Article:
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10 pts.
 Thoughts on a recent post- client server supreme?
I read a recent a post today by a hybrid EMR provider consultant that stated "Over the long term, a client-server offering often costs far less than a web-based subscription offering, and a well-designed client-server EMR always delivers productivity-enhancing benefits that save physicians both time and money."

Thoughts on this? What if your practice simply does not have the infrastructure or upfront resources for a client-server model?

Software/Hardware used:
ASKED: May 5, 2010  8:38 PM
UPDATED: June 22, 2010  1:29 pm

Answer Wiki:
The answer is - as - always - it depends... With web based systems, customers basically accept the system as it is, with minor opportunities to adapt system behaviors to workflows and customers needs. This has the advantage of leveraging established best practices, but often requires a more significant change in the way business is conducted. Owned client server systems may provide more opportunities to adapt the system to business realities, but often with a higher level of effort in the beginning of the implementation. The IT industry as a whole tends to make swings between owning and running systems to hosting and outsourcing and back. The current buzz around cloud computing tends to favor hosted systems, but I would imagine that the confidential nature of patient records will lead many providers to keeping things on premises. There is no good, universally true answer. As always, your mileage will vary and it depends on what you're trying to do. Florian Becker twitter: <a href="">@florianbecker</a>
Last Wiki Answer Submitted:  May 18, 2010  2:54 pm  by  FlorianB   195 pts.
All Answer Wiki Contributors:  FlorianB   195 pts.
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I agree with FlorianB’s answer. Another factor to consider is the IT staff of the hospital or physician office. Is there an existing staff that can handle the increased workload of a client-server model? If not, what is the cost of adding IT staff?

 40 pts.


For most solo physicians or a small practices, a SaaS/VPN solution is the first option I would consider. A good summary of the difference between client-server and the various types of ASP models can be found here. A good solution will enable the existing staff to provide the necessary local IT support – no additional staff will be needed. The vendor will handle all the upgrades, backups, interfaces with labs and code directories, and ongoing support. In addition, a good solution will be highly configurable to the specific requirements of the users. With regard to security, the VPN addresses the vulnerability to malicious attack, and vendors of SaaS solutions are typically well- prepared to protect the integrity and privacy of the data entrusted to them. The main drawback to a SaaS solution is the dependence on a network connection. Getting the network service provider involved in providing sufficient bandwidth, reliability and availability is an important element of the implementation.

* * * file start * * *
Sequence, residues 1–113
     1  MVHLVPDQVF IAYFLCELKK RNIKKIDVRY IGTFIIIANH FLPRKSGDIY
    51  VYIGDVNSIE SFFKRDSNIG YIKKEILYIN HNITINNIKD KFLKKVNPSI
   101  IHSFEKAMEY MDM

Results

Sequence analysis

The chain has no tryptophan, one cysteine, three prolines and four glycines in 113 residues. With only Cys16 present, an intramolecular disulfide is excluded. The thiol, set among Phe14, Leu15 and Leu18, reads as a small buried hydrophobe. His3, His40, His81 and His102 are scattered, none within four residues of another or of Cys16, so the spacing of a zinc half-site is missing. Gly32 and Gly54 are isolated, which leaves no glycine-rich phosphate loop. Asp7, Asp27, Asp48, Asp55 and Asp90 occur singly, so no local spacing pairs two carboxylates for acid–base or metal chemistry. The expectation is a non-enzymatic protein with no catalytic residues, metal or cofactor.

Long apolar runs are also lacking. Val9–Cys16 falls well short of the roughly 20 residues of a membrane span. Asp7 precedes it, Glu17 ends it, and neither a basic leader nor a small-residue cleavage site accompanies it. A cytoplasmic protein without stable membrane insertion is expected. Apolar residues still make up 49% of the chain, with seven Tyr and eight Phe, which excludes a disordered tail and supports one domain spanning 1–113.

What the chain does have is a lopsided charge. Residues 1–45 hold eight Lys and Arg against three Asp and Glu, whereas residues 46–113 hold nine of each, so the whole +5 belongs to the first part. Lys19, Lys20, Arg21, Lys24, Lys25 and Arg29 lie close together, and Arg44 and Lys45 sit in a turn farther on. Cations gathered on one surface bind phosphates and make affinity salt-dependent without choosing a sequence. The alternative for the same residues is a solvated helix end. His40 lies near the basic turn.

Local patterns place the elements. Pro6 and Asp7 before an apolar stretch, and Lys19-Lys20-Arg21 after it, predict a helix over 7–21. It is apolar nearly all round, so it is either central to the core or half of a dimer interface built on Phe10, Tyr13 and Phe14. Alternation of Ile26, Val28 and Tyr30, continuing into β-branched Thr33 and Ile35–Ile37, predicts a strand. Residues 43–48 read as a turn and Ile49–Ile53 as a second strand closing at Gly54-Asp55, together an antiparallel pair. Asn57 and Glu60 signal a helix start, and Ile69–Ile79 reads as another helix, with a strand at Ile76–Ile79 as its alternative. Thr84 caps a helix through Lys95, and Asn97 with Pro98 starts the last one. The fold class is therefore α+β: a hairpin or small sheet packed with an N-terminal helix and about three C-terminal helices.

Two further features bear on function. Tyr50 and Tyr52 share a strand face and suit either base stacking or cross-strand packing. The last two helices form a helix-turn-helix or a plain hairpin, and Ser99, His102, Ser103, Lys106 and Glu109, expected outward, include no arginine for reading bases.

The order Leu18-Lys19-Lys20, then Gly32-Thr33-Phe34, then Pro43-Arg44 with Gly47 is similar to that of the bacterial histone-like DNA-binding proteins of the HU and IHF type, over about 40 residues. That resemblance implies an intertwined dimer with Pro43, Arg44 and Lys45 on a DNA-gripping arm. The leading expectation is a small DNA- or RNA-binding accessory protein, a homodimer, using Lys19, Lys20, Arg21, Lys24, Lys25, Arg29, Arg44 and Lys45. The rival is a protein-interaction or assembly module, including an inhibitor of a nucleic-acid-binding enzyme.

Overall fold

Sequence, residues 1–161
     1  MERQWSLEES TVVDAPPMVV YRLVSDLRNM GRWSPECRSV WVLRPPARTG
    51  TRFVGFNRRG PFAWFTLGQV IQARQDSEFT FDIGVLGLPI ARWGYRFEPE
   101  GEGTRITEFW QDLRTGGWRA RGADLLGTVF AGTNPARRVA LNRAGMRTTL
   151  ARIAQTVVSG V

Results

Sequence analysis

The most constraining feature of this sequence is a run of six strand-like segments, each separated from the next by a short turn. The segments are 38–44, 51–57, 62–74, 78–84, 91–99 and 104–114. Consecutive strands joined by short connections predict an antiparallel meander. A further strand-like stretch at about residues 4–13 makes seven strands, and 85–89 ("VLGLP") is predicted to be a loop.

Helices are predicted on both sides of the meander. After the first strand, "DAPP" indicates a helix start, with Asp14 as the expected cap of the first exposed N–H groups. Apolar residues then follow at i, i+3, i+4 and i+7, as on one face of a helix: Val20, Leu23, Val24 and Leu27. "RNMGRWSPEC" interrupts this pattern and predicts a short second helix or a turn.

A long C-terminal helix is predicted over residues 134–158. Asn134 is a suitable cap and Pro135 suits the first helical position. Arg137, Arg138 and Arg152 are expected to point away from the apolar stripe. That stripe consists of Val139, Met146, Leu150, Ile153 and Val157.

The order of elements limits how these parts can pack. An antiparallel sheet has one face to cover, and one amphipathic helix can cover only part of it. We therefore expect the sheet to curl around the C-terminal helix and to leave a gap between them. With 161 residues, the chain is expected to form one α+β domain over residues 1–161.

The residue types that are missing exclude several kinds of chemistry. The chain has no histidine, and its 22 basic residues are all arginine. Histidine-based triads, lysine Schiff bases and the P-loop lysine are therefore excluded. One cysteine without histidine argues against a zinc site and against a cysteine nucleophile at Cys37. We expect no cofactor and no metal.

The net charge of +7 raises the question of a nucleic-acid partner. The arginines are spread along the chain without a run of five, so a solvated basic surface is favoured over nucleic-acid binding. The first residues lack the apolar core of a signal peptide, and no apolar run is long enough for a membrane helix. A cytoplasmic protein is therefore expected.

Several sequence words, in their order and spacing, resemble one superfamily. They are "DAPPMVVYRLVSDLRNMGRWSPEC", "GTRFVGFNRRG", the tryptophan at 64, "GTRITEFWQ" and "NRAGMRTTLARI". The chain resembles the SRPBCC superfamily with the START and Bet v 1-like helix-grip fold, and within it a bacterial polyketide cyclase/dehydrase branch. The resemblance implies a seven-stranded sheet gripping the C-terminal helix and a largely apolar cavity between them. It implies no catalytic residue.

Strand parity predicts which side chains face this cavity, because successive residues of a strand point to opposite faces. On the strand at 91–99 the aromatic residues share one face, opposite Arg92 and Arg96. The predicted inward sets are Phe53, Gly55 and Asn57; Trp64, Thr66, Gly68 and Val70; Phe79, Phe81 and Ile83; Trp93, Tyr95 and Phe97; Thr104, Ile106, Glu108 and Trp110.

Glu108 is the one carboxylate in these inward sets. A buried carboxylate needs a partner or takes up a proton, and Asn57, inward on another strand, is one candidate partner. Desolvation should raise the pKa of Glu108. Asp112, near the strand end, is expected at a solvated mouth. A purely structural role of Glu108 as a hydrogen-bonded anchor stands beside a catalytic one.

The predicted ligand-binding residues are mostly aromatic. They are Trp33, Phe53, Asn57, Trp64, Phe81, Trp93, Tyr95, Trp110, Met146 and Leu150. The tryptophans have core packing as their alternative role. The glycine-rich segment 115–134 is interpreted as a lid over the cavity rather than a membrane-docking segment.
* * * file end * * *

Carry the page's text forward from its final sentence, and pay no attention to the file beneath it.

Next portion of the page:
385 pts.


As Florian said – It depends.
Client server architecture and internet both have their pros and cons. Unless it has lots of benefits – A hybrid is not always good. I have given the pros and cons for comparison here to make any user make the bet.

Disadvantages of Web based Application:
1. Lack of Rich User Interface: Mitigation – Latest systems with Microsoft Silverlight and Adobe Flex, it is manageable to give similar user experience. But it is still in its infancy.
2.For every transaction, the client’s page will get refreshed loading the page from scratch: Mitigation – Latest systems have Ajax enabled applications, which has capability to refresh the right part of the page.

Disadvantages of Client-Server Application:
1. For every release for bug fixes or new feature, the client has to face “software update” or “migration”, which virtually stops the operation of a client involving staff from the software vendor to other users at client facility: Mitigation – Latest software have the facility to do “auto update”.
2. Not easily flexible for migrating to new architecture / version: To update or migrate for example 1000 installations from version 1 to version 2, the software vendor has to manually fix it in 1000 installations one by one; which is a time consuming process for both the client as well as the software vendor. And every software goes through the update cycle almost every 6 months. This is the worst part of client-server applications.
3.User have to install the client software in every machine that they want to use: If the physician’s machine crashed or wants to use a new facility / computer; without spending few hours it is not possible to work on this architecture.

Looking at these points, client-server architecture has major drawbacks – with only advantages of a Rich User Interface. To create a web based application from scratch is a time consuming process getting rid of the old client-server application. Vendors use “hybrid” model, where they mix and match new feature and technology in the back office.

The users need to understand what exactly is mixed and understand the “hybrid” to avoid major upgrades to their software in short time period.

On a personal note, I will prefer a “hybrid” solution with thin client, with all the transactions happening over HTTP protocol, and with SaaS enabled back office.

 200 pts.

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